Court defers arraignment of PDAF accused ex-solon
MANILA, Philippines – Former Cagayan de Oro Rep Constantino Jaraula will enter his plea at a later time before the anti-graft court Sandiganbayan First Division over cases related to the multi-million-peso diversion of government funds to bogus foundations.
The court deferred his scheduled arraignment on Thursday, March 12, to first resolve his impending motion to have the charges quashed or, as an alternative, be reinvestigated by the Ombudsman.
Jaraula is charged with malversation, 3 counts of graft and 3 counts of direct bribery for misusing P50.5 million ($1.14 million)* in his discretionary funds or Priority Development Assistance Fund (PDAF) from 2004 to 2007.
From the said misused amount, he allegedly took for himself as rebates P20.8 million ($468,896)*.
The amount was supposed to fund livelihood and development projects in rural communities but were siphoned off in the form of kickbacks for those involved in the PDAF scam.
As his malversation case was based on the lack of bidding, he argued in his motion that the choice of his PDAF's NGO-recipients and the bidding process are the responsibility of the state implementing agency (IA) and not the lawmaker.
"The most a lawmaker can do was to 'request' or 'suggest,' both of which could be denied by the IA," his motion read.
He alleged that his signatures in some documents were forged without his consent.
Nonetheless, he said signing documents for the release of his PDAF is not unlawful and was part of his job as congressman then. He dismissed the allegation of receiving kickbacks.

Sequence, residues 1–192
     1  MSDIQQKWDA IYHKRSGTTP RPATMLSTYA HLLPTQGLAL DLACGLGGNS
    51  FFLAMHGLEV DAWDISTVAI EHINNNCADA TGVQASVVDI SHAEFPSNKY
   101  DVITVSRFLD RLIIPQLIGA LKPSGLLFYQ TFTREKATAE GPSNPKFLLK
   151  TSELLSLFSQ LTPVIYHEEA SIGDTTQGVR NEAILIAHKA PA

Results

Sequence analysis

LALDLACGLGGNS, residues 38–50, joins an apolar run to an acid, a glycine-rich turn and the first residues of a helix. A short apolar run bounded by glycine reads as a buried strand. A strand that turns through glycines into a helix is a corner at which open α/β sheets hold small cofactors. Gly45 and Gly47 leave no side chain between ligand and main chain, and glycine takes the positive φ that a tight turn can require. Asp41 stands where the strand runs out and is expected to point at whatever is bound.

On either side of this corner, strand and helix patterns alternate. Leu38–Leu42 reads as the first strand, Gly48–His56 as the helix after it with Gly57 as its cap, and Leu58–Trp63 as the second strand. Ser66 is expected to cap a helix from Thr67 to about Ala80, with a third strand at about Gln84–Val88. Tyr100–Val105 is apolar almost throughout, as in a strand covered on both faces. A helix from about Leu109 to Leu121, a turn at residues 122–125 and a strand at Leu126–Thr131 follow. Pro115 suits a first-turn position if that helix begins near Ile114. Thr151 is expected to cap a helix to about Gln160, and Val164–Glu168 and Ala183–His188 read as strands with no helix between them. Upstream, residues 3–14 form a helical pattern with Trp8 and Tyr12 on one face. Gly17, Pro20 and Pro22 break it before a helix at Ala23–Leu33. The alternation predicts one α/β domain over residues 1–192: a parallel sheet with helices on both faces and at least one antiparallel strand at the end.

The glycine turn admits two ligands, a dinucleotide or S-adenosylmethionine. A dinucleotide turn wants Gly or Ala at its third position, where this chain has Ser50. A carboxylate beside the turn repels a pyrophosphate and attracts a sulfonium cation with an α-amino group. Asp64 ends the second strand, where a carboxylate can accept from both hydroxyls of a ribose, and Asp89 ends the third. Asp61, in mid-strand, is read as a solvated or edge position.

Prosecutor Joefferson Toribio told reporters Thursday that Jaraula is among the lawmakers who directly transacted with alleged scam mastermind Janet Napoles, unlike those who used a bagman.
This is based on sworn affidavits of whistleblower Benhur Luy, who used to work as Napoles' financial officer.
Luy alleged that Napoles controlled the non-governmental organizations which became unlawful recipients of lawmakers' PDAF coursed through government implementing agencies such as regional field units and state firms.
The Napoles NGOs would then fake state projects by forging signatures of individual-beneficiaries and submitting falsified documentary proof.
Luy had revealed the fund diversion scheme to authorities, testifying against Napoles and dozens of lawmakers in the country's biggest corruption scandal in recent history.
His revelation ignited public clamor for greater transparency in the use of government funds, with the PDAF subsequently abolished by the Supreme Court.
In his motion, Jaraula explained that a lawmaker's PDAF releases are all coursed through the House of Representatives Committee on Appropriations.
Lawmakers were informed of such disbursements by the committee, he said.
While he submitted a list of projects he boasted to his constituents during flag ceremonies in his province, Jaraula said in an affidavit before the Ombudsman that the implementing agencies never delivered on the said projects.
These include additional ambulances with dental chairs and machines, fire trucks, mechanical dryers, farm implements, and hand pumps.
He added that he had sensed early on irregularities at the level of the implementing agencies.
The following Special Allotment Release Orders (SAROs), which facilitate fund releases, show the alleged misused funds from Jaraula's PDAF and the corresponding implementing agencies they were coursed through:
|SARO No.||Amount||Date||Implementing Agency|
|P5 million||December 14, 2004||
Department of Agriculture - Regional Field Unit 10
(DA - RFU 10)
|ROCS-04-04123||P2.5 million||undated||DA - RFU 10|
|ROCS-05-05327||P3 million||November 7, 2005||DA - RFU 10|
|ROCS-06-08565||P10 million||December 13, 2006||Technology Resource Center (TRC)|
|ROCS-07-00580||P10 million||January 12, 2007||TRC|
|ROCS-07-00861||P10 million||January 19, 2007||TRC|
|ROCS-07-05450||P10 million||March 21, 2007||TRC|
*$1 = P44.35